Physician-assisted suicide: Con
Provide better care at end of life, not physician-assisted suicide
The Judiciary Committee of the Legislature of the State of Connecticut is considering a bill that would legalize physician-assisted suicide in Connecticut. The bill has been termed "Act Concerning Compassionate Aid in Dying for Terminally Ill Patients." It is, in fact, neither compassionate, nor of aid, to those who are most vulnerable within our society.
At its heart, physician-assisted suicide is neither a legal issue nor a political issue. It is not even fundamentally a religious issue. It is a human issue. As such, it transcends political, legal and religious boundaries. Physician-assisted suicide violates the Hippocratic Oath, which states "I will not give a lethal drug to anyone if I am asked," as well as codes of ethics. The American Medical Association Code of Ethics states that:
"Physician-assisted suicide is fundamentally incompatible with the physician's role as healer, would be difficult or impossible to control, and would pose serious societal risks. Instead of participating in assisted suicide, physicians must aggressively respond to the needs of patients at the end of life. Patients should not be abandoned once it is determined that cure is impossible ..."
As a Catholic, I am concerned that this bill violates the central tenets of the Judeo-Christian tradition: the sanctity of life and the promotion of the dignity of the human person. As a bioethicist, I am concerned that this bill violates central tenets of ethics.
My work and research have evidenced that physician-assisted suicide does not accomplish the goals it purports to attain. In fact, it often undermines proper care for the terminally ill by short-circuiting the continuum of care that we owe our dying patients. This bill tries to put safeguards in place to avoid the "slippery slope" often associated with physician-assisted suicide; however, they are flawed and insufficient.
If physician-assisted suicide is not the answer, what is?
Proper care at the end of life involves addressing those factors that can lead to requests for aid in dying: loss of a sense of control, loss of a sense of meaning and purpose, a sense of being a burden on others, and in some cases, physical pain. We preserve patient autonomy and control through effective communication about their goals and values and the use of Advance Directives. We promote human dignity and a sense of meaning and purpose when we recognize that the dying are not expendable or a burden, and when we cherish them in their personhood and accompany them on their journey with true compassion.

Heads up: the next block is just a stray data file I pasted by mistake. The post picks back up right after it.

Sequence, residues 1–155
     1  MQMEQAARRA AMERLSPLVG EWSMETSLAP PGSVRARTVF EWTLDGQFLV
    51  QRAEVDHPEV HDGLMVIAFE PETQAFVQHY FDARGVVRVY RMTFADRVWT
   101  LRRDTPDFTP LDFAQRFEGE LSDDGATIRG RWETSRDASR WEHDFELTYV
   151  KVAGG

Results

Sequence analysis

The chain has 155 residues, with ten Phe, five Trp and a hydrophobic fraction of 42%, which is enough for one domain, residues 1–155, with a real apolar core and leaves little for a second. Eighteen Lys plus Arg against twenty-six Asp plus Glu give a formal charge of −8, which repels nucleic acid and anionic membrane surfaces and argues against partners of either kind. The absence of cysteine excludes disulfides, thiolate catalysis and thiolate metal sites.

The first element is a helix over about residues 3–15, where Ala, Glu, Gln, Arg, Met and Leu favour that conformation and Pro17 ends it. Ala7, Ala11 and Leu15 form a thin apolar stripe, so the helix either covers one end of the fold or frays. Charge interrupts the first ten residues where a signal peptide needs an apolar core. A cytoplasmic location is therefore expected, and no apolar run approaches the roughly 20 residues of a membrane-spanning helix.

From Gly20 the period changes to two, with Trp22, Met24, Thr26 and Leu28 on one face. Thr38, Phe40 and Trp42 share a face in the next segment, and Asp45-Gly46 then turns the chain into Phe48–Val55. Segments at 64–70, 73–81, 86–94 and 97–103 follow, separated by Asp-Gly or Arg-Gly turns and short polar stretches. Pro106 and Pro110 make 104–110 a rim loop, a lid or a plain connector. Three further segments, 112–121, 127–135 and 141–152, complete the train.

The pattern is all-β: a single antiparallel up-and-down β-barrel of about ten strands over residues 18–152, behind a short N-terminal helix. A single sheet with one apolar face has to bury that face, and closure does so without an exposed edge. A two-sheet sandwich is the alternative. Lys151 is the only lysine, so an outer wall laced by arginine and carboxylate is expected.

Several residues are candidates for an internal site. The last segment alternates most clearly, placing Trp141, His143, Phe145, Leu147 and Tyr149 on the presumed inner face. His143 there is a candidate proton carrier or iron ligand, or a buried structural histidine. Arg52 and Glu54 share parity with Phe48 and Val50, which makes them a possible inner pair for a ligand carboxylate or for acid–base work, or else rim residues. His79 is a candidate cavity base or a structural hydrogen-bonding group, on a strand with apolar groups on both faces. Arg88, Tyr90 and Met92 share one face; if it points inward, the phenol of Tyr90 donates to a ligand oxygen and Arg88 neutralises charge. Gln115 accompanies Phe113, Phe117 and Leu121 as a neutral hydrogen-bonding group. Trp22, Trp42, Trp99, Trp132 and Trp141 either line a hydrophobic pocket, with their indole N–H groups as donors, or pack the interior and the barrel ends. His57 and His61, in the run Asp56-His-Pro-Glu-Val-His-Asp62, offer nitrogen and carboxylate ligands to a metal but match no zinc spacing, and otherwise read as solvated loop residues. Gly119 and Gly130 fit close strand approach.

Advances in pain management have made it possible to virtually eliminate physical pain as a factor in requests for aid in dying.
Palliative care, meanwhile, is significantly underutilized in the United States, and especially in Connecticut. However, the state's Palliative Care Advisory Committee provides some hope that we will be more effective in integrating palliative care into the full continuum of care in the future.
Connecticut is the birthplace of the hospice movement in the United States, yet we currently rank in the bottom 2 percent in the nation regarding timeliness of hospice referrals, which are supposed to occur when a patient has six months or less to live as judged by a physician. On average in Connecticut, patients are referred to hospice with less than two weeks to live. This does not allow for adequate time to address the physical, emotional, spiritual and psychological needs of patient and family.
We can and must do better.
I also write as a widower who accompanied his wife through chronic and terminal illness, and joined with her as she struggled to maintain her sense of worth, dignity, and autonomy. I was with her as she lay dying in my arms. More importantly, I was with her as she struggled to live.
The dying have much to teach the living about life, if we choose to listen. We promote compassionate care for the most vulnerable among us when we affirm their existence, listen to and acknowledge their fears, aggressively treat their pain and help them alleviate their spiritual and existential suffering, not by assisting them with suicide.
Dr. Matthew R. Kenney is the vice president for mission and ethics at Saint Francis Hospital and Medical Center in Hartford.